It is the big celebrity case that wasn't. When Kobe Bryant was indicted for sexual assault, he joined celebrities Robert Blake and Martha Stewart as the accused of national scrutiny. Blake's trial is still on hold. To the surprise of many, Stewart was convicted and has been sentenced to months in prison. Criminal charges against Bryant were dismissed, with prejudice, last week.
I wondered if the prosecution was desperate when it made a last ditch effort to undermine the defense in an earlier entry. Asking that all DNA evidence be excluded, apparently to hide allegations the accuser had intercourse with another man within a few hours of the encounter with Bryant, seemed to signal defeat. My skepticism proved accurate. The prosecution dropped the charges without even waiting for a ruling on its motion.
The New York Times reports citizens of the small town in Colorado where the victim lived are glad to have the case go away. They look forward to returning to normalcy and regret the expense, a reported $400,000, the episode cost the county.
Coverage by KABC-TV in Los Angeles focuses on Bryant's 'apology.'
In the end, the rape case against Kobe Bryant was dropped because the young woman accusing him did not want to testify at trial. Without her, District Attorney Mark Hurlbert said they could not proceed.
. . .In a statement, Bryant, while not admitting blame, apologized to the woman.
"I want to apologize for my behavior that night," he wrote, "and for the consequences she has suffered in the past year."
Should Bryant have apologized? From a legal perspective, the answer is probably no. Since a civil suit alleging he did the woman harm is still pending, an apology could be used as evidence against him. However, the dismissal of the criminal case makes it less likely the civil case will go forward. Even if it does, a jury will be harder to convince that Bryant harmed his accuser and that she deserves damagaes as a result. The best evidence she could have would be a conviction of Bryant in a a criminal trial. It is possible the parties will reach a settlement of the civil suit. But, the accuser will have fewer chips to bargain with as a result of the dismissal of the criminal case.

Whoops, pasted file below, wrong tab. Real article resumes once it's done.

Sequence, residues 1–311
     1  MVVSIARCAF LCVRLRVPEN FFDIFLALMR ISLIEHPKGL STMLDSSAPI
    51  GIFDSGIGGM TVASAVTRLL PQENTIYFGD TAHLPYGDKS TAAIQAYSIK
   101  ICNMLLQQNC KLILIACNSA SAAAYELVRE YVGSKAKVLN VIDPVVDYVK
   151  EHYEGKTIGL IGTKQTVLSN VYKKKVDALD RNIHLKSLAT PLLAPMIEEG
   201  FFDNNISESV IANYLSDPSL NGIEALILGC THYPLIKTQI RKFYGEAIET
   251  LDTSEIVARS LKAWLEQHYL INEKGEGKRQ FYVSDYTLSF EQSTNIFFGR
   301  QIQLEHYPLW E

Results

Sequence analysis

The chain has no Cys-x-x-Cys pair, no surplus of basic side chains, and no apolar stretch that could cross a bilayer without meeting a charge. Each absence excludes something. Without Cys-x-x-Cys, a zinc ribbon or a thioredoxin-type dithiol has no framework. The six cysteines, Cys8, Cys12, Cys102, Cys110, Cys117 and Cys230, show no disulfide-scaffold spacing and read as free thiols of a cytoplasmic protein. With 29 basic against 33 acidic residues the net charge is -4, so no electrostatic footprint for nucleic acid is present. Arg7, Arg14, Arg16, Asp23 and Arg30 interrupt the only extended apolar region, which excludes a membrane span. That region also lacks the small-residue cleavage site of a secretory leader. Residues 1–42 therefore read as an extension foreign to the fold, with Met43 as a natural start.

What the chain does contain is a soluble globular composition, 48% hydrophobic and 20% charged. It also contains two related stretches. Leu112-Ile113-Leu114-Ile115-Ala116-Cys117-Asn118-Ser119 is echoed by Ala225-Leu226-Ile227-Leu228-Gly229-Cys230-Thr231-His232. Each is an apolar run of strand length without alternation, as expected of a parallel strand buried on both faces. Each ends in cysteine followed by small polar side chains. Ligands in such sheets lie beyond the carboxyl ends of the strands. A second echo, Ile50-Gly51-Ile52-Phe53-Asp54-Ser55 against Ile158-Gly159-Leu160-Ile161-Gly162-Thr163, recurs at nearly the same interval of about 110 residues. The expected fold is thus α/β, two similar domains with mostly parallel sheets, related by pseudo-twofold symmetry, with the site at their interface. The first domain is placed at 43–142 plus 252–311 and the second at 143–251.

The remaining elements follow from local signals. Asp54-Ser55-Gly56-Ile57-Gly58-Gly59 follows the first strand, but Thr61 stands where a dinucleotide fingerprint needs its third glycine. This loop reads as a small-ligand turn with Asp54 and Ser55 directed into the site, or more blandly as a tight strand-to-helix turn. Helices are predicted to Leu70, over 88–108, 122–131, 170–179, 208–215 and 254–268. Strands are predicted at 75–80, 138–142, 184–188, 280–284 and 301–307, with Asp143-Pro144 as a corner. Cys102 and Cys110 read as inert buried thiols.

Some other sources see the gamesmanship of the Bryant prosecution as proof a prosecutor succumbed to the allure of convicting a public figure at the expense of common sense. The GJ Sentinel, in Colorado, takes the person who made the decision to indict Bryant to task.
But one thing has been reasonably clear from the get-go: The prosecution never had a strong case. It was riddled with inconsistencies and evidence that challenged the accuser’s story. It was highly unlikely that 35-year-old District Attorney Mark Hurlbert and his equally youthful staff could have convinced a jury of Bryant’s guilt, even if the young woman had not decided at the last minute that she didn’t want to proceed with the case.